Alright, today we’re learning about pacing and cutting! Of course making compelling videos takes practice, but by following just a few simple rules we’ll cover in this lesson, you can easily set the mood you’re aiming for. Controlling the number of shots and pacing them in a deliberate way is a BIG part of establishing the feel you want.
In the video below by Peter John Ross, you’re given a quick overview of how the length of each clip and the variety of shots together affect the feel of your video. Take a gander for a more detailed explanation with some great examples.
Deciding how to shoot and then to edit your video depends, to a large extent, on what you want to convey. Ask yourself what you want to evoke from your audience. Is it an intense action sequence, or a tender romantic scene where you want to emphasize the characters facial expressions and reactions? Think about what’s important to show and when. Is there something that deserves emphasis like an object in a characters hands, or a subtle glance worth capturing? Think over these points carefully before you start shooting and come up with a list of the shots you need. This will help speed up your production and it’s a good way to make sure you’re capturing all the footage you want. Once you start editing, play around with cutting shots at varying lengths, you might be surprised how an extra moment or two can completely change the feel of scene.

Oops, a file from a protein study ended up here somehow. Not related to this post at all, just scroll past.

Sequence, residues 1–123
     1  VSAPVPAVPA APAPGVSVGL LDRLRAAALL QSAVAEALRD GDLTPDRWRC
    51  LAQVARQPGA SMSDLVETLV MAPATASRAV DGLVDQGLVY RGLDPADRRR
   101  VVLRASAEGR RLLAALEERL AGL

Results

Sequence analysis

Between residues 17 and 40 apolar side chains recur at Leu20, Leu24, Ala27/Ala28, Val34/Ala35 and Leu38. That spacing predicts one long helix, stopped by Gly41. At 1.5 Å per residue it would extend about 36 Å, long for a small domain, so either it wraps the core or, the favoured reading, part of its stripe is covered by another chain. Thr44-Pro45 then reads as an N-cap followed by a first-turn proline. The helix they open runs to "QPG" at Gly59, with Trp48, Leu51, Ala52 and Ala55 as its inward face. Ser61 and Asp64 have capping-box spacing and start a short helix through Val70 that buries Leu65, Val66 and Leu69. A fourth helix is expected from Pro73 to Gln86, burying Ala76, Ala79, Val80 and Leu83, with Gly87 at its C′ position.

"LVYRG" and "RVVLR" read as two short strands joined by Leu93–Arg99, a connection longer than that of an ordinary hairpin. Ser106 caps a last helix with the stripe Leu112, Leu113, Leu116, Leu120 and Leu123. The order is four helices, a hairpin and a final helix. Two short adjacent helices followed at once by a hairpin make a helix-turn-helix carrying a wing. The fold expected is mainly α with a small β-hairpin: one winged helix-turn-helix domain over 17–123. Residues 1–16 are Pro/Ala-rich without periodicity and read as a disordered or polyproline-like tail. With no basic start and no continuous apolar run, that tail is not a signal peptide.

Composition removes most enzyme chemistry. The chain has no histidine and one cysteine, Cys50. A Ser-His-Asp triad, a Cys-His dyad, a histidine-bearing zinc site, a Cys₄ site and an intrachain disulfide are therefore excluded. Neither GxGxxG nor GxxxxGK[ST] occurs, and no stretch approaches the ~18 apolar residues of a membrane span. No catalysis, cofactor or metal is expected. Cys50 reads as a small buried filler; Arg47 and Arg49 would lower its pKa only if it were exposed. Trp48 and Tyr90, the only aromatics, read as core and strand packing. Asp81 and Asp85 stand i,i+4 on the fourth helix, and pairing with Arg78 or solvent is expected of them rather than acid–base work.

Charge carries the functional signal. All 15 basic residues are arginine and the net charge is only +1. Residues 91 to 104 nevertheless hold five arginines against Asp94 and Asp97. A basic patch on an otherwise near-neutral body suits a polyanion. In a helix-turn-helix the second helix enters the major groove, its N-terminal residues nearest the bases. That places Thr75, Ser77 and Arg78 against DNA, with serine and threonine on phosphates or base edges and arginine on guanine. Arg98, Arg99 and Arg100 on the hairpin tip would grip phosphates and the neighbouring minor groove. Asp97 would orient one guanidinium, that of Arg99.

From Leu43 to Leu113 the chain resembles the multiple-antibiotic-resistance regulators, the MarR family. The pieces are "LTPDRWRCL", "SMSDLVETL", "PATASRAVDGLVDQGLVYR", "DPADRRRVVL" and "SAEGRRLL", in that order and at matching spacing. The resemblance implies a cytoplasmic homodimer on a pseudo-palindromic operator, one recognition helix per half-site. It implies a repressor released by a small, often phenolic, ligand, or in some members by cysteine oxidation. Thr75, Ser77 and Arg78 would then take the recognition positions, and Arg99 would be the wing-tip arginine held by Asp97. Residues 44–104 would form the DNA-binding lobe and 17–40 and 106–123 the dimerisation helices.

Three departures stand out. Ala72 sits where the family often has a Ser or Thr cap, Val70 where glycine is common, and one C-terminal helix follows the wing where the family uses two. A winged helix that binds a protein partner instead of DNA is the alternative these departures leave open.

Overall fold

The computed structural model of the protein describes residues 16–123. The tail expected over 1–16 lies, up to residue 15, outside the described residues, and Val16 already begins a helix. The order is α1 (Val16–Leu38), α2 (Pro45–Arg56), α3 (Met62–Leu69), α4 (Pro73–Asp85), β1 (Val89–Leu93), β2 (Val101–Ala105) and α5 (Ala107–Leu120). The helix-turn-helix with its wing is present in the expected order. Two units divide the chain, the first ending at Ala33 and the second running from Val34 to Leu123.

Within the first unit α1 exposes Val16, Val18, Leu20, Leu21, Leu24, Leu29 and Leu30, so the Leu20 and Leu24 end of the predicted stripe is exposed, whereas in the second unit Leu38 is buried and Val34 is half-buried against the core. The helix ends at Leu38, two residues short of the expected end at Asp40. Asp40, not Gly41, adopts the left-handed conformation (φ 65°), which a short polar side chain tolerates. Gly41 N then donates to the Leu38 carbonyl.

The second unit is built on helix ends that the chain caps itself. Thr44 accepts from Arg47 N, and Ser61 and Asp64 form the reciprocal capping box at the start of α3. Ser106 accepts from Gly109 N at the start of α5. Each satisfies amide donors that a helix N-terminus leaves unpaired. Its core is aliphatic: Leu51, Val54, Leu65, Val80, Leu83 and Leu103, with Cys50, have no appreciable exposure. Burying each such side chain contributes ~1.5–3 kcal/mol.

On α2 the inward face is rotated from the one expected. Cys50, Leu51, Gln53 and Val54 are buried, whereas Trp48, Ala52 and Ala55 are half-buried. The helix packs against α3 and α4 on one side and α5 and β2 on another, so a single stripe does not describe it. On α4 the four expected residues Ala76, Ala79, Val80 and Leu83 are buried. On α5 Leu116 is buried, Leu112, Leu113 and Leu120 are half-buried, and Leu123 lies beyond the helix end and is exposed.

Let’s compare a couple of videos that use different cutting styles. First up is, Solitude–
This quiet, introspective video takes it’s time with each shot but it is by no means tiresome. There’s a lot of detail to notice in each shot and the creator has intended for you to take your time as a viewer. Also notice the shot variety, you’re presented with a combination of close ups and wide shots that help keep the visual information interesting.
Let’s compare the feel of that video to this one by Moop Jaw–
Fun stuff right? This video has a vibrant, exciting feel to it and part of that feeling is established by having quick cuts. Some cuts are so sudden that you may not notice them and others are obvious. Regardless,there’s also a lot of shot variety. We’re primarily shown whole body scenes of the dancers but it’s mixed in with shots of feet and waist up medium shots as well. Obviously music plays a huge role in this video as the tempo leads the pace of editing.So here we have two very different videos that use different editing paces to establish a mood. Music, framing, and many other elements of shooting will have an unquestionable effect but keep timing in mind when you’re telling your story.
Getting a good feel for pacing can take years of practice to learn and apply properly but with a bit of luck and persistence your videos will only get better. Remember in life and videos, timing is everything.
by Daniel Hayek